At some point the assignment at the track changes and I will move to running shorter and faster with more rest.  That is where "interval pace" comes in.  I'm not there yet.

With regard to race-time predictions, perhaps needless to say, predictions based on the VDOT does not mean one can run any of those races tomorrow.  It does mean that with training for the particular distance those are the times one might anticipate.

Of course, it is not that simple.  Because with training one not just acquires the ability to cover the distance but one also improves absolute fitness level.  Quoting a commenter on the Runners' World article linked above,

"Nice &simple explanation. but after 6 weeks shall we again go for test and find new vdot and work on those numbers every time?"

Bingo.  Maybe the next test is actually a (flat and not windy) 5K or 8K, because one will have the training to make those distances meaningful predictors.  This will probably happen organically if one includes a series of B races built into a training program for the big fall marathon.

Another way of looking at this is to say the VDOT does not predict a future race at all.  It predicts a current race.  For a future race one needs to understand the pace of VDOT improvement, which presumably starts fast and levels off as one approaches maximum possible fitness.  (I assume none of us at RP are approaching our biological capacity, so with steady training our improvement will probably be pretty constant.)  A Runners' World forum relates observed improvements between 0.7/6 weeks and 1.5/6 weeks.  Taking the more conservative of those and starting from my 50.6 VDOT reported above, I might hope to realize a VDOT of 52 while training for a September 1/2 marathon, for a predicted finish time in the 1:28 range.  That sounds about right -- and not too bad of a goal!

Saturday, June 21, 2014

Summer Solstice

Celebrated the summer solstice with a sunrise (5:25 am) run to the middle of the Brooklyn Bridge with the SBRC gang.  Beautiful morning light.  Adductor is not fully healed, but it didn't hurt either.  Did a total of about 5 miles, then went home and took a long nap. . .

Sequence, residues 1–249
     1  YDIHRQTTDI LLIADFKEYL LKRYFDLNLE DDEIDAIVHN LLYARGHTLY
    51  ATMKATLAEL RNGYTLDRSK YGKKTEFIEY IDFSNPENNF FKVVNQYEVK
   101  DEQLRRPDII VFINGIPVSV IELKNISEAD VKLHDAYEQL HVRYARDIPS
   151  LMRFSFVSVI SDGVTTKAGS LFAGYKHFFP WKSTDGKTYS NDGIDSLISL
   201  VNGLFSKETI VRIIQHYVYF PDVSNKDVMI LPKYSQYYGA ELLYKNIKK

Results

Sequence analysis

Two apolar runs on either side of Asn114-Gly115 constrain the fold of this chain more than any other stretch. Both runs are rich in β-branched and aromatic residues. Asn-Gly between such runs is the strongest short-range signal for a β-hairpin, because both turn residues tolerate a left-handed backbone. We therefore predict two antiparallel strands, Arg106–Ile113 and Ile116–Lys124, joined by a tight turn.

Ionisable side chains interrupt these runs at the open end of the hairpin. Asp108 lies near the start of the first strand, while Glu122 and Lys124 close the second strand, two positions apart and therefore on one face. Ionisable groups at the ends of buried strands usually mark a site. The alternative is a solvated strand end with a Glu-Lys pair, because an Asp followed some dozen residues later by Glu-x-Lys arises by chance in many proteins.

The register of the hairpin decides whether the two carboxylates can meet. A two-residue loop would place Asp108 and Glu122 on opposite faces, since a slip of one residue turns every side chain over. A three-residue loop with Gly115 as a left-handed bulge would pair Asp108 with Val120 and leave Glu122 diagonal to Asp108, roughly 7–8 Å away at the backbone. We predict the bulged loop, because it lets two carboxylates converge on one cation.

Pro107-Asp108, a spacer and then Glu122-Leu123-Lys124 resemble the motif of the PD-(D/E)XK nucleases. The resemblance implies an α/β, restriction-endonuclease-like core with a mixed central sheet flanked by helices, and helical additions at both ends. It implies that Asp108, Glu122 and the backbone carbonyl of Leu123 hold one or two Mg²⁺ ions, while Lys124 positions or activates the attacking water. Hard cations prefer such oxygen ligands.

Wednesday, June 18, 2014


Continuing the topic of European sports, Christoph Strasser of Austria continued the northern European streak in the Race Across AMerica (cycling), reaching Annapolis at 8:23 this morning after 7 days, 15 hours and 56 minutes on the road.  His average pace (inclusive of the very few stops he made)?  16.42 mph.  That's right -- a very respectable pace for a club century, done back to back to back 30.2 times.


This makes Strasser 2014 the fastest ever for RAAM (beating his own record from last year) and the third fastest human to cross the country by bicycle.  First and second place go to Haldeman and Penseyres by tandem in 1987, though not as part of RAAM.  (Thanks to S_ for pointing this one out.)

Thought piece:

Winners of RAAM in recent years are from these countries:  Austria, Switzerland, and Slovenia.  The last finisher from a different country?  2003 (Allen Larsen, US).  The fifth country to produce a winner (once) is Lichtenstein.  Why?

Sunday, June 15, 2014


Encouraged by my DC runs, I set out on a 10 mile run with C.  I felt great setting out.  We set a medium fast pace going out, and settled in at a sub 9 minute mile.  My heart rate was fine, it all felt smooth, until, on the way down the backside of the Williamsburg bridge, a muscle on the inside of my right thigh cramped hard . . . The same muscle cramped at the end of the last run in DC, but I was able to finish off the run.  This time it hurt more, and I had a lot farther to go to get home.  Grumble, grumble.  I hobbled to our Gatorade stop hydrated, stretched, and tried to head out again. No dice.  Oh well.  Happily, there was a Citibike stand nearby, so I sent C on his way and rode home.  It was frustrating, but I'm not super worried.  The cramp is frustrating, but again, it's in the big part of a large muscle, and will heal.   Oy!!